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Coinbase CEO Brian Armstrong has warned that a hostile regulatory approach by the Securities and Exchange Commission could drive the crypto industry out of the United States.
In a televised interview with Bloomberg Wednesday, Armstrong… Said Nearly all major financial centers have introduced comprehensive crypto legislation, including Singapore, Hong Kong, London and more recently the European Union, adding that the US should not lag behind.
“I believe that should be in the United States we need a clear rulebook so that this industry can be built here. We don’t want it to be like 5G or semiconductors that went offshore. Security matters. Let us get the future of the financial system built here inside the United States of America.”
The crypto billionaire reiterated his position regarding the SEC’s recent move to treat Kraken’s staking product as a security amid a broader regulatory crackdown, claiming that staking should not be classified as a security.
“Our staking product is not a security,” he said. “For example, customers never turn their assets over to Coinbase. And we’re really just providing a service that passes those coins through, helping them participate in staking, which Is a decentralized protocol.
In regards to the staking product, Armstrong said, “we stand ready to defend it in court if we need to.” “But we are never looking for a fight. We want to work closely with regulators around the world.”
As noted, the SEC has reached an agreement With crypto exchange Kraken to stop offering staking services or programs to customers in the country.
According to the SEC, Kraken failed to “register the offering and sale of its crypto asset staking as a service program,” which the commission now qualifies as securities. In addition to the suspension of service, Kraken agreed to pay $30 million in disgorgement, pre-judgment interest, and a civil penalty.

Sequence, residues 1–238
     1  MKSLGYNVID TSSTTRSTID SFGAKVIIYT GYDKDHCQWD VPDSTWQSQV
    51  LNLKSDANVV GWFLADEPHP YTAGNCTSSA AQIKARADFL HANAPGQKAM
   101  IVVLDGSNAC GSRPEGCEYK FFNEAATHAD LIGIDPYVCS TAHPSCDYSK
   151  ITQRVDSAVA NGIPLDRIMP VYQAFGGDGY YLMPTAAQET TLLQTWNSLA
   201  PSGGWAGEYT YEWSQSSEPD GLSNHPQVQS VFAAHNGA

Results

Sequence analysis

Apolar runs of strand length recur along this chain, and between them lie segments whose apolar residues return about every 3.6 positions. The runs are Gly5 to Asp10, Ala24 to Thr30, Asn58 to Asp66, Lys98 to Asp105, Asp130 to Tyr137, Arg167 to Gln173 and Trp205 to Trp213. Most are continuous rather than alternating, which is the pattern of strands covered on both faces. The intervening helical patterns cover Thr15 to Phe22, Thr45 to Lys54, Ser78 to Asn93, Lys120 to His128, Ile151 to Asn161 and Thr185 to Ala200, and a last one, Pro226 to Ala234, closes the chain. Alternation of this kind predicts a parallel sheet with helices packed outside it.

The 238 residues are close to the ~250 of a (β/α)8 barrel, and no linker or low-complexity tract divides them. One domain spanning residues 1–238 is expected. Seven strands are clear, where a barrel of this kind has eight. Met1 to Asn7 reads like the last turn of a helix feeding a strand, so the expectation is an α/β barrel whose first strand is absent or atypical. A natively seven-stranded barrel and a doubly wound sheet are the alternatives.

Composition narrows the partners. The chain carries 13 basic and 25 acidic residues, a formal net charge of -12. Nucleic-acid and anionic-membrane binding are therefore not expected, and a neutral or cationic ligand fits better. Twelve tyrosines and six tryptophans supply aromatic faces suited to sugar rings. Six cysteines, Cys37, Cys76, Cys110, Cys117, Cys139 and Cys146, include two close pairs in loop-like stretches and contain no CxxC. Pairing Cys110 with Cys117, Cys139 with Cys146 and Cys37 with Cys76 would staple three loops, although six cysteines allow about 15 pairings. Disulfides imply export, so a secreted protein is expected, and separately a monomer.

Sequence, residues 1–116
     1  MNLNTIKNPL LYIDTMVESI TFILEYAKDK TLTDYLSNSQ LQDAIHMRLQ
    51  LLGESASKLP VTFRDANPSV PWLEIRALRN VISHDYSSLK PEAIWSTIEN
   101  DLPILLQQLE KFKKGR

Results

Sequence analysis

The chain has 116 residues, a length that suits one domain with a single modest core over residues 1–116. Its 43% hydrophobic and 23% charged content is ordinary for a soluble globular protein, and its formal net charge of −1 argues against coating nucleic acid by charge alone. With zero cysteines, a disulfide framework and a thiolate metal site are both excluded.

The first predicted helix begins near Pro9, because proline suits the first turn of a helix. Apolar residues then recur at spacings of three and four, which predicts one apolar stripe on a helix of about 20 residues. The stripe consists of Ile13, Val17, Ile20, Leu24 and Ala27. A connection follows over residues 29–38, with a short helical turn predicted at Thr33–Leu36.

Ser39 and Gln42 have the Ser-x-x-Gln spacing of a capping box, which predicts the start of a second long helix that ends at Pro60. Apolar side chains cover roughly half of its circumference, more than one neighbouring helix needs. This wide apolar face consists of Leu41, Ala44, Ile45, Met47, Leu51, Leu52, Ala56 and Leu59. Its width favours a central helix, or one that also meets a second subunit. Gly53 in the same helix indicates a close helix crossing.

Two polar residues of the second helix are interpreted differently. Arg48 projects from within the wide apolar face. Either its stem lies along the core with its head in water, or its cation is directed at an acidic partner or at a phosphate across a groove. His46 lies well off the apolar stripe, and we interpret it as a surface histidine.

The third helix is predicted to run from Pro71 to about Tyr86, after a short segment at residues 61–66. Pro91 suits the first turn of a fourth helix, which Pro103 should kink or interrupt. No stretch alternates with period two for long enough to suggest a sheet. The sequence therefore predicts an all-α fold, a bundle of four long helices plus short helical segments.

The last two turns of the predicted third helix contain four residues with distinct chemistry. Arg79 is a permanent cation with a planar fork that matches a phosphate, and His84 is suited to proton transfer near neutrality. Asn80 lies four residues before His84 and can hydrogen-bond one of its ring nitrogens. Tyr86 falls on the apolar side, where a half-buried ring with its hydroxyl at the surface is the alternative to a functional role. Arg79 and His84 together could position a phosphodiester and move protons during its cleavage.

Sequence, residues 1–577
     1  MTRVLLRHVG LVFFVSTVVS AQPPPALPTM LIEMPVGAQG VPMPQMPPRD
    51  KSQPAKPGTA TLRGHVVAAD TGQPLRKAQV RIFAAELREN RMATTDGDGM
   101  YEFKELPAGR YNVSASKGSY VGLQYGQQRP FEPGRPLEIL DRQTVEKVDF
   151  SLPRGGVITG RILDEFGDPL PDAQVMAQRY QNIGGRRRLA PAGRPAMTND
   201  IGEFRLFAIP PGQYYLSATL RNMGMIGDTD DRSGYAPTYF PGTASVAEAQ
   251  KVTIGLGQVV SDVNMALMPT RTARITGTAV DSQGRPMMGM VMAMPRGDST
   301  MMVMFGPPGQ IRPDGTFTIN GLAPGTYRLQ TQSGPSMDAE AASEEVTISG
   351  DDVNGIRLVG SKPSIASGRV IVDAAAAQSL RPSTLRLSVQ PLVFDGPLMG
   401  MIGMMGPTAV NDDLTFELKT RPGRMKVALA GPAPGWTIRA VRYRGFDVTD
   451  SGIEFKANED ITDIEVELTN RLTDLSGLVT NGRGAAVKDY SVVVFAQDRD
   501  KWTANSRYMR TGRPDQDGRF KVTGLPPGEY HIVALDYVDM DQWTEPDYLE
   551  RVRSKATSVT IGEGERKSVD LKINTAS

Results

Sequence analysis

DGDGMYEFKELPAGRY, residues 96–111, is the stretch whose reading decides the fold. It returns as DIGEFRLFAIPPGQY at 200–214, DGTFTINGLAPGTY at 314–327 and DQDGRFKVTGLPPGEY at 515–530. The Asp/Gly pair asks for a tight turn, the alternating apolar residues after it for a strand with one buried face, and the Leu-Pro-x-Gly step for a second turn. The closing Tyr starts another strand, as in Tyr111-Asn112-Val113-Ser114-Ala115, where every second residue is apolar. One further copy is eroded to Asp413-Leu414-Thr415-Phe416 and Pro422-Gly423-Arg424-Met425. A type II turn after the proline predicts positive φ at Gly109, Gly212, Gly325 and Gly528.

In mid-February, Coinbase published a blog post arguing that crypto staking is not a security under the US Securities Act, nor under the Howey test. In short, the blog said that crypto staking does not meet any of the four points of the Howe test, which is used by the SEC to determine whether an investment contract is a security.
Meanwhile, Armstrong said he is “not concerned” over the broader stablecoin sector despite recent regulatory scrutiny around Paxos, a crypto firm that issues Binance’s stablecoin Binance USD (BUSD). He said he is “pretty bullish” on USD Coin (USDC), which is also a dollar-pegged stablecoin issued by Circle.
Two weeks ago, the New York Department of Financial Services (DFS) ordered Paxos to stop mining the BUSD token. In a consumer alert, DFS said it has issued Order “As a result of a number of unresolved issues related to Paxos’ oversight of its relationship with Binance.”
Earlier this week, Coinbase announced Suspension of BUSD trading, saying the stablecoin did not meet its listing standards.